Facet joints are small joints located between the vertebrae in the back of your spine, and they can be a source of back pain. One way to determine whether they are the source of your pain is to perform a medial branch nerve block injection.

See Facet Joint Disorders and Back Pain

A medial branch block is typically used as part of a 2-step diagnostic and treatment approach. Watch: Medial Branch Block Video

Our video walk-through can help you visualize this relatively common procedure.

See Medial Branch Nerve Blocks

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Video highlights

In the image above, the facet joints, also called zygapophysial joints, are shown in purple. They are located behind the spine, and they add stability to your spine as it twists, flexes, and bends.

See Spinal Anatomy and Back Pain

Medial branch nerves (pictured in purple above) are located on each facet joint. Their function is to carry pain signals to your brain.

See Anatomy Of Nerve Pain

Conditions like spinal stenosis and osteoarthritis, along with an injury to your spine, may all lead to the inflammation of your facet joints. When this inflammation occurs, your medial branch nerves transmit pain signals to your brain.

See Osteoarthritis of the Spine

If your doctor thinks facet joint inflammation is the source of your pain, she or he may recommend a medial branch nerve block injection to help confirm the diagnosis.

See Medial Branch Injection Procedure

How the injection works

To begin, your doctor will have you lie down on a table. She or he will then use a local anesthetic to numb the skin and tissue around your facet joint.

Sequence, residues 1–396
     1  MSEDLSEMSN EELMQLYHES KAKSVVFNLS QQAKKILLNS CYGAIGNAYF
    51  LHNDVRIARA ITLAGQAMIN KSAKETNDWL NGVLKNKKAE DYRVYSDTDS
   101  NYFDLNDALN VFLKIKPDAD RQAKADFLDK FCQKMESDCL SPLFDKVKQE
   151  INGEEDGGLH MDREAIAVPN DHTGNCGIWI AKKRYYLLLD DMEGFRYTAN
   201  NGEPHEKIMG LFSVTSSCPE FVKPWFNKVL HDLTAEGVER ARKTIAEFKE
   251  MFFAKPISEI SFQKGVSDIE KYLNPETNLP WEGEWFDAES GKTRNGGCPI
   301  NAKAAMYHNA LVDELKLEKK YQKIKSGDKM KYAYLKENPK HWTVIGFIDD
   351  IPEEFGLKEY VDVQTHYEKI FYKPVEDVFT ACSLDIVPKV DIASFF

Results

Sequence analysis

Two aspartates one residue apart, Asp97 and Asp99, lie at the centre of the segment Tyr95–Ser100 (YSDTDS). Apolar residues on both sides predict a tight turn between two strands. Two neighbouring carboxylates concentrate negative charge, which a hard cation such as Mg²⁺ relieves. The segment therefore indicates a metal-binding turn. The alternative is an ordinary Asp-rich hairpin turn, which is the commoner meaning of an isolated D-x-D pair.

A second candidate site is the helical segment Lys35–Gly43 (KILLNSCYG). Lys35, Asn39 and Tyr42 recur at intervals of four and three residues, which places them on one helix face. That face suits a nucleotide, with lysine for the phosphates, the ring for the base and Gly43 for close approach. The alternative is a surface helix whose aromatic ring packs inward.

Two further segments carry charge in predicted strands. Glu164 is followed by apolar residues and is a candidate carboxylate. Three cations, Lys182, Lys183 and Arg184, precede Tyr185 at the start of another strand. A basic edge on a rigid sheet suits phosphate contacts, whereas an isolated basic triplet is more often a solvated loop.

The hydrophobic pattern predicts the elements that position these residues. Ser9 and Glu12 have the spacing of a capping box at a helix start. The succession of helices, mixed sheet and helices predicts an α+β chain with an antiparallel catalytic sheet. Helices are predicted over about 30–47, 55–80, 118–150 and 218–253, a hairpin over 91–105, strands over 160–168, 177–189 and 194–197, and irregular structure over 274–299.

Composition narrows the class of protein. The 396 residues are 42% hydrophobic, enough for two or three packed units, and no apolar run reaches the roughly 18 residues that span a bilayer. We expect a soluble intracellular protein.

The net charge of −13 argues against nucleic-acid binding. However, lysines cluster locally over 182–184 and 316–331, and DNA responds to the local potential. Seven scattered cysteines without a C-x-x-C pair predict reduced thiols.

See Facet Joint Injection Procedure

Using X-ray guidance called fluoroscopy (pictured above), your doctor will next steer a small needle over your medial branch nerves. Then, a small amount of contrast dye is injected to confirm the medicine covers your nerve.

Finally, your doctor will carefully inject a numbing medicine (called an anesthetic) onto each targeted nerve. Typically, two of your adjacent nerves will be targeted at the same time.

If you experience immediate and significant pain relief following the injection, it can be assumed that the source of your pain is the facet joint.

See Facet Joint Injection Pain Relief Results

Risks and complications

Like all invasive medical procedures, there are risks associated with a medial branch block. For example, you may experience any of the following:

  • Allergic reactions
  • Worsening of symptoms
  • Discomfort
  • Nerve damage

See Risks and Complications of Medial Branch Blocks

Thankfully, these types of complications are rare, and there are minimal risks associated with a medial branch nerve block.

Learn more:

Cervical, Thoracic, and Lumbosacral Medial Branch Nerves

Medial Branch Block Results